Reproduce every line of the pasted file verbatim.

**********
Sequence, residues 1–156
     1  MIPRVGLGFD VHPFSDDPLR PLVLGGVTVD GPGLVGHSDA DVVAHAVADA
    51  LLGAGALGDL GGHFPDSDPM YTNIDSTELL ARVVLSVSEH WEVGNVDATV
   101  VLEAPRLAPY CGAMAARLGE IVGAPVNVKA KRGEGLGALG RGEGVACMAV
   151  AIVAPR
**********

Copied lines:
Sequence, residues 1–156
     1  MIPRVGLGFD VHPFSDDPLR PLVLGGVTVD GPGLVGHSDA DVVAHAVADA
    51  LLGAGALGDL GGHFPDSDPM YTNIDSTELL ARVVLSVSEH WEVGNVDATV
   101  VLEAPRLAPY CGAMAARLGE IVGAPVNVKA KRGEGLGALG RGEGVACMAV
   151  AIVAPR